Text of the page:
Power-Sharing Revisited: Lessons Learned in the Balkans?

in Review of Central and East European Law
Restricted Access
Get Access to Full Text
Rent on DeepDyve

Have an Access Token?

Enter your access token to activate and access content online.

Please login and go to your personal user account to enter your access token.


Have Institutional Access?

Access content through your institution. Any other coaching guidance?



In this article, the authors discuss the use of power-sharing instruments in the Western Balkans. While the comparison will focus on the use of power-sharing in Bosnia and Herzegovina and Macedonia, there will be occasional references to Kosovo, the third country in the region that displays elements of power-sharing. We argue that the region has been a laboratory of power-sharing instruments, with rather mixed results. While in all three cases, power-sharing was part of a larger strategy of peacebuilding, and was, therefore, successful in ending violent conflict and supporting peaceful conflict resolution, the introduction of power-sharing has also had some negative side effects. We will discuss, in particular, the consequences of complicated political systems, veto rights, as well as far-reaching ethno-territorial autonomy. Furthermore, the article will asses the risk of blockages arising from complex political arrangements and resulting international mediation. A particular focus of the article will be to distinguish between federalism in Bosnia and Herzegovina and alternative forms of autonomy (both territorial and non-territorial) in Macedonia and Kosovo. Rather than suggesting that power-sharing as such has failed in the region, we submit that the experience in the region suggests that: (a) there are no viable alternatives to power-sharing in the selected countries; (b) that different types of power-sharing need to be considered; and (c) that potential membership in the European Union continues to be the only incentive for the efficient implementation and application of power-sharing in the cases discussed.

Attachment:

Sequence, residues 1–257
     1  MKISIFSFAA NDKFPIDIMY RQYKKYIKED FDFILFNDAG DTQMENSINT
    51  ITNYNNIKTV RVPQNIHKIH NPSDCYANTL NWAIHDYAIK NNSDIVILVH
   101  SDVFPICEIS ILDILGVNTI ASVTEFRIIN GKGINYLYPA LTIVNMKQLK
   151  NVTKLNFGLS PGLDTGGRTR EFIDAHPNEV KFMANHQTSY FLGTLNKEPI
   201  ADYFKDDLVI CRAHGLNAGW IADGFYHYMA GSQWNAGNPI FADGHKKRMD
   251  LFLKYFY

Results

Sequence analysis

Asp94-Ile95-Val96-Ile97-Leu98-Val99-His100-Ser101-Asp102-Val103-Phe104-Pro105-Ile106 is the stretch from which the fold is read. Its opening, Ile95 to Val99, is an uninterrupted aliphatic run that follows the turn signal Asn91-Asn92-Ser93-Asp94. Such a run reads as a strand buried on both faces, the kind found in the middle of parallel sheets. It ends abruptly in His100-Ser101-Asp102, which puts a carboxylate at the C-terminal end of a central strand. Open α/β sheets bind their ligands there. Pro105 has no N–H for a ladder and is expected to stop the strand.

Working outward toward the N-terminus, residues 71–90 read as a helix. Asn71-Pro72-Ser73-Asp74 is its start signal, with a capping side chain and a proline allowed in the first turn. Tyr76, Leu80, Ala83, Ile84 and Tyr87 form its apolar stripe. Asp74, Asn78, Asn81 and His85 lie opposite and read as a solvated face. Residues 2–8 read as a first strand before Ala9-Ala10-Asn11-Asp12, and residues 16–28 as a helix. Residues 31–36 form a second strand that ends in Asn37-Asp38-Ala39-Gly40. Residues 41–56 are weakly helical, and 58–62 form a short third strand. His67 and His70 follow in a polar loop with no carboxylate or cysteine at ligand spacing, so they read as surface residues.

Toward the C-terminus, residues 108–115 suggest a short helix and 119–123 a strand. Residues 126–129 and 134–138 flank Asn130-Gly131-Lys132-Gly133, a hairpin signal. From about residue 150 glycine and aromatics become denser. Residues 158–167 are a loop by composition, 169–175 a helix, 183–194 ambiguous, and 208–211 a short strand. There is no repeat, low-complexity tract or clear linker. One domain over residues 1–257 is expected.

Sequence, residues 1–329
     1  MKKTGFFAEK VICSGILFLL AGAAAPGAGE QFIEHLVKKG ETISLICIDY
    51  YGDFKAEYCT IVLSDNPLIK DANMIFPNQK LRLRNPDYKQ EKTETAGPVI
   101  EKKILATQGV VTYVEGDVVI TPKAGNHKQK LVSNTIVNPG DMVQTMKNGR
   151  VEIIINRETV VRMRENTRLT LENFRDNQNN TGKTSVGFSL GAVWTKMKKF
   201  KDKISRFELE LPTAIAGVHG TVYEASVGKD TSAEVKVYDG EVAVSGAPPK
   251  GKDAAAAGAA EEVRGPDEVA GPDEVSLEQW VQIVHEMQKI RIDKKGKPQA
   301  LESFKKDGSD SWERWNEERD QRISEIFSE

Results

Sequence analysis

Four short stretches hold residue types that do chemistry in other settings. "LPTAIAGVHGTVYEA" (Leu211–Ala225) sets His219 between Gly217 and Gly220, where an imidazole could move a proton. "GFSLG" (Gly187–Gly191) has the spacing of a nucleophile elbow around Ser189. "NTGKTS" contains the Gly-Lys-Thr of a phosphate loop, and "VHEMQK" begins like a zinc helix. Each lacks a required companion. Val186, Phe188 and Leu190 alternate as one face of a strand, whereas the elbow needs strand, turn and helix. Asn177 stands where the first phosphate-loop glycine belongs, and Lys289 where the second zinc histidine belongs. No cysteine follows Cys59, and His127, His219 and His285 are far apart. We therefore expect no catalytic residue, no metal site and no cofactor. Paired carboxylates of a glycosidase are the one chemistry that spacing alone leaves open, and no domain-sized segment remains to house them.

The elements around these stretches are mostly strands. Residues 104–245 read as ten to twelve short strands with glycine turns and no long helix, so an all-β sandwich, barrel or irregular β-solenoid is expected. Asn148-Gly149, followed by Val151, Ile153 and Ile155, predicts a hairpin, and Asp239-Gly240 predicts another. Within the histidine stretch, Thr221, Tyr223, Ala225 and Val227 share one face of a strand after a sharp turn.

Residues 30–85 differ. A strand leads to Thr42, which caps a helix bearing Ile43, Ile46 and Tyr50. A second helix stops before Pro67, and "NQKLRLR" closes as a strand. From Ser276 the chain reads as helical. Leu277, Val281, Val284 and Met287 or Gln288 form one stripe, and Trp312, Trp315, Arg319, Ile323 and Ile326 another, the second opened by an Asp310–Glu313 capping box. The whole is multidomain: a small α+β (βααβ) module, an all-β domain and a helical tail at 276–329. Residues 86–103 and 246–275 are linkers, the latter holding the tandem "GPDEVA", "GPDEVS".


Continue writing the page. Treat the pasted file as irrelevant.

Content Metrics

Content Metrics

All Time Past Year Past 30 Days
Abstract Views 9 9 6
Full Text Views 5 5 5
PDF Downloads 4 4 4
EPUB Downloads 0 0 0